By Mark Paulette
Prov. People will continue to hope even though they have evidence that things cannot possibly turn out the way they want.
Far from the 13-foot snow banks, which line the streets of Bangor, Maine, and out of the reach of the impending 6-to-12 inches that are supposed to cover whatever bare ground remains, pitchers and catchers have reported. Winter Spring Training is coming.
When Alexander Pope first coined the aforementioned term in 1723, it is unlikely he did so in reference to the game of ‘Base-ball’ which would officially be incorporated some 140 years later. Though it was first noted and even included in dictionaries as early as the 1760’s, (it’s true, look it up). But who knows? Maybe the dude was more than just a cool name.
So why do I propose such wild conjecture that it is so unbelievably false that it’s on par with one believing that a PSI or two could actively play a part in a decisive 38-point victory or more unjustly taint a reign so unmatched that witchcraft, wizardry and deception are the only plausible reasons for its being? Oh jeez, everything just went white. Deep breaths and back to the argument at hand.
I draw the parallels because no sport has the ability to inspire hope like that which baseball can. Not even football, where we just saw the literal impossible happen in Super Bowl 51. (99.8 percent to be exact, that was the probability of a Falcons victory with roughly 22 minutes of game-clock left.) But somehow the Pats came back and they continued to hope even though there was a near century’s-worth of evidence that things could not possibly turn out the way they wanted.
But baseball is the common person’s game. You need not be 6’6” to compete, nor 255lbs with 3-percent body fat, and you don’t have to be the divine figure of Tom Brady to inspire hope. Guys like Dustin Pedroia and Jose Altuve can stand toe to toe with anyone. On a nightly basis the best teams can be rendered worthless by some re-invented insurance salesman who figured out how to dig his nails into a ball and make it flutter to the plate at a speed relevant with a decent 8th grade hurler.
It’s a game dominated by physics, but even more so by luck, which brings a mystical element into play. Attempting to hit a sphere that’s traveling 95 miles per hour with a round bat all the while having four-tenths of a second to decide whether to swing or not is the perfect marriage of science and the unexplained. One-centimeter means the difference between a 30-foot pop up and a 400-foot homerun, and that may even be too generous of a measurement.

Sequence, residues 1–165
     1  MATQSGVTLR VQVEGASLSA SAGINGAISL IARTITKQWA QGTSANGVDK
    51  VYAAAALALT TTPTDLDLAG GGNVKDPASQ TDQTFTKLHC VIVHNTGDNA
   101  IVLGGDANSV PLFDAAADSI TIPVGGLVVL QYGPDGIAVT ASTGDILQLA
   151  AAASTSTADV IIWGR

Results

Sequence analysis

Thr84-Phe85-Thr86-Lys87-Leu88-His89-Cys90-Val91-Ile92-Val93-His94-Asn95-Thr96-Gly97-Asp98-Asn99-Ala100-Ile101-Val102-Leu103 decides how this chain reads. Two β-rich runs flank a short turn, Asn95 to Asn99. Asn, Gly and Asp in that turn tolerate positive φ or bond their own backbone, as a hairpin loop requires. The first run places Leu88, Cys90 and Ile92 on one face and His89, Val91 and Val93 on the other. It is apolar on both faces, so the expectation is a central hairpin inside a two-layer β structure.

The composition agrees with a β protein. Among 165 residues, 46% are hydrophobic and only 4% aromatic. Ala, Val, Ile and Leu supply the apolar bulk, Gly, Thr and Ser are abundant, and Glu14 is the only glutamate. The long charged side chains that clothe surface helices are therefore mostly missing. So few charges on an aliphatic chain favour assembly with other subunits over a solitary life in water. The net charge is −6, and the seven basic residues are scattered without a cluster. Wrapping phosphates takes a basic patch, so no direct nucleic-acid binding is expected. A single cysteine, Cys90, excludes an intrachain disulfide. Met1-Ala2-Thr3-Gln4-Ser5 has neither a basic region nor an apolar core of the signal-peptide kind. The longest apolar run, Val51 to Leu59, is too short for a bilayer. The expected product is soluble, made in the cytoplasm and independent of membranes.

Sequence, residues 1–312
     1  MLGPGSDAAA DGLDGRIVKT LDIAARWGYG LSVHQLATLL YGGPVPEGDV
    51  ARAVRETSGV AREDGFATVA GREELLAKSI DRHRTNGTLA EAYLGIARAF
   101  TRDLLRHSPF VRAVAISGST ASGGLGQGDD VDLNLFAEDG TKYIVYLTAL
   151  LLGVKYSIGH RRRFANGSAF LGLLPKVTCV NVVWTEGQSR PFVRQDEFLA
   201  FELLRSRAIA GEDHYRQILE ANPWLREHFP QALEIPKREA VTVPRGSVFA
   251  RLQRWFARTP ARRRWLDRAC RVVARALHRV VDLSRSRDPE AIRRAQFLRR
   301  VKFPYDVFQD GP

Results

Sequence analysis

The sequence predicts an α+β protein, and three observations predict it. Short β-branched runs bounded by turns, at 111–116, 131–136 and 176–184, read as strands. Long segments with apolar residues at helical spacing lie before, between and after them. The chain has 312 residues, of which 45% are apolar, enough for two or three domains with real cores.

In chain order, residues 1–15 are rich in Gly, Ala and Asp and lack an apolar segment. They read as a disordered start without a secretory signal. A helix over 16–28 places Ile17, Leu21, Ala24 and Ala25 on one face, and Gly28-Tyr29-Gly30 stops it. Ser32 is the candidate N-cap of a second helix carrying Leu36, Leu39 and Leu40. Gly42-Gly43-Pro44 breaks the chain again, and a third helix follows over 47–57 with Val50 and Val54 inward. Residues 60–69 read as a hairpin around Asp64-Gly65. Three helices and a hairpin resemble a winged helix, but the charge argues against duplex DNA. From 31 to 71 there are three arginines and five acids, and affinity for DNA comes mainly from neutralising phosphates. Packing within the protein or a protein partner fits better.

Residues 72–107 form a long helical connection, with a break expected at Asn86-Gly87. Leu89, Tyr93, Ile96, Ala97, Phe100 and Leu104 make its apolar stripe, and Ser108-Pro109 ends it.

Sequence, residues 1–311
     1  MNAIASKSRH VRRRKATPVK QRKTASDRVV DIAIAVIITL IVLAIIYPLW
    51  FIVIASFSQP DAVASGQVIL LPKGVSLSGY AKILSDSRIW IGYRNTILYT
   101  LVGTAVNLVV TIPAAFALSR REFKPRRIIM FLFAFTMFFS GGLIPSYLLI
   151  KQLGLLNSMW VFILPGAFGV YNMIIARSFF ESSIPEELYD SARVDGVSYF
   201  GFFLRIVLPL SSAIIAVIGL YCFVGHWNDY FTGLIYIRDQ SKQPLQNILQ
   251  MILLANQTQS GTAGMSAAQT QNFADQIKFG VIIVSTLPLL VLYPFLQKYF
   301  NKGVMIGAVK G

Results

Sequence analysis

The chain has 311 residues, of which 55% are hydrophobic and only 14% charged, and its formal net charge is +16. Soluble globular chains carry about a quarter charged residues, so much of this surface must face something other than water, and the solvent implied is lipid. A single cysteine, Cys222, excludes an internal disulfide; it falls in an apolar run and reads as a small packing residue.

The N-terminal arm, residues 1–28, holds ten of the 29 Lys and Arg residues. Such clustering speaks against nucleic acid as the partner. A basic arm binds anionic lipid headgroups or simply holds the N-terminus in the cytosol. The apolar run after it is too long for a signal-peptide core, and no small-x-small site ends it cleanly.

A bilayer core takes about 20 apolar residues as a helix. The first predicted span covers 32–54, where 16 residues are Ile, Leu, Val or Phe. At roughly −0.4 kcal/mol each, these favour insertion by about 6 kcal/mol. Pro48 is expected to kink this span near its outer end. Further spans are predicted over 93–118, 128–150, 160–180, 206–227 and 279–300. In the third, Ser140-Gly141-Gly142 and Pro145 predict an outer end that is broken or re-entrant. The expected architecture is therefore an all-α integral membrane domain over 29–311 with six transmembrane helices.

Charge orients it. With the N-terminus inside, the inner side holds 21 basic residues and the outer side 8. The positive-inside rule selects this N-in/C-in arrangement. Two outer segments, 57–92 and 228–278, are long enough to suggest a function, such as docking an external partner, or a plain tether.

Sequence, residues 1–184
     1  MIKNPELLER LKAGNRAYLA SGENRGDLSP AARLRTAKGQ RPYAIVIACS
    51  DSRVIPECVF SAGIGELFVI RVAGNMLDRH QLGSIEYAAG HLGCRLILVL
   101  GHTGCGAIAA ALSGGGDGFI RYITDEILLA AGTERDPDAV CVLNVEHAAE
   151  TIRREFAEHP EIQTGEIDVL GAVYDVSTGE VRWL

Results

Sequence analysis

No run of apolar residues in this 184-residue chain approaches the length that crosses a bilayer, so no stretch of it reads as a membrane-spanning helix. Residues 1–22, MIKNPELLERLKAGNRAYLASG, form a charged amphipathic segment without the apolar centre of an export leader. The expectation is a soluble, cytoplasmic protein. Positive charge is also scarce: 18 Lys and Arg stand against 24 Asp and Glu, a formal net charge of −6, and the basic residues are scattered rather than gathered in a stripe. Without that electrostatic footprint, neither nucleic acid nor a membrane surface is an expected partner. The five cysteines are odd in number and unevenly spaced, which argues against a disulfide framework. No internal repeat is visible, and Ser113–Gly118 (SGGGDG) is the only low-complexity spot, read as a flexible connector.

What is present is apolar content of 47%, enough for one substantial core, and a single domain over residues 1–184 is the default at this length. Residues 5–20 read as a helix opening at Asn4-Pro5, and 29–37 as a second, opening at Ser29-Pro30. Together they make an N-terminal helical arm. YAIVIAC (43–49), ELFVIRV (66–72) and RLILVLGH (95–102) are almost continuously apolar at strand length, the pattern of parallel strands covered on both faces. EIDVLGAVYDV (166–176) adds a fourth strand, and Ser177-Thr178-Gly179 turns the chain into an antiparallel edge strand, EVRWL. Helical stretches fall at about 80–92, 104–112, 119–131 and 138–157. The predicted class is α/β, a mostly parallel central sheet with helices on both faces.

The unknown is around every turn, laced in every pitch thrown. This makes it possible and quite convincing to continue to hope even against evidence suggesting otherwise. There’s no time-limit and the season is played night in, night out over the course of six months, providing for an incalculable amount of scenarios to unfold. All which give reason for precious, undying hope.
Right now, that hope is resonating throughout 30 fan bases. It’s starting as a slow simmer, which over the next 46 days will boil into a fervor as we approach 2017’s first pitch. For teams like Tampa Bay, Milwaukee or Oakland, it is probably just that, a faint glimmer of unsullied hope. But for our beloved Boston Red Sox, we in the nation have every right to hope for our wildest dreams.
Sure, there’s no Papi…yet (no, he’s not coming back. Much like the big fella’, I just like to tease). But there is 8/9’s of a lineup that wreaked havoc on American League pitchers a year ago and has added a bulkier Andrew Benintendi, who many see fit for a Mookie-esque leap in productivity. The rotation includes last year’s Cy Young winner, a former Cy Young winner and some guy named Chris Sale; I heard he was supposed to be serviceable. Not to mention a pair of All Stars and the organization’s best pitching prospect to come along since a grease-less, Clay Buchholz in ’07. The ‘pen is stacked, truly. Flex relievers, All Stars, guys who put up sub-3 ERA’s with ease, this team (at least on paper) has it all. If you want a weakness, you can look to the pine, but even there rests a reigning Gold Glover in Mitch Moreland and Superman reincarnated, Brock Holt.
So forgive me if I sound unabashedly optimistic. But as the great Mr. Pope once said; “That’s just human nature.”(And Pope hadn’t even seen this roster when he said that.) So as we all turn to baseball for a much needed distraction from all this white stuff around us, make sure to remember the excitement you now feel. Chances are (at least if you’re like any of my co-workers) you’ll need to harken back to these feelings when the Sox drop a mid-week series in June and you’re calling for John Farrell’s head to be escorted from Fenway on a silver platter. Just remember, no matter how trying the times may get this year, when it comes to this sport, hope springs eternal.
Mark Paulette is the Senior Producer of The Drive, weekdays 4pm to 6pm on 92.9fm The Ticket and streaming live at DriveShowMaine.com. Follow us on Twitter, @DriveShowMaine and “Like Us” on Facebook, Drive Show Maine.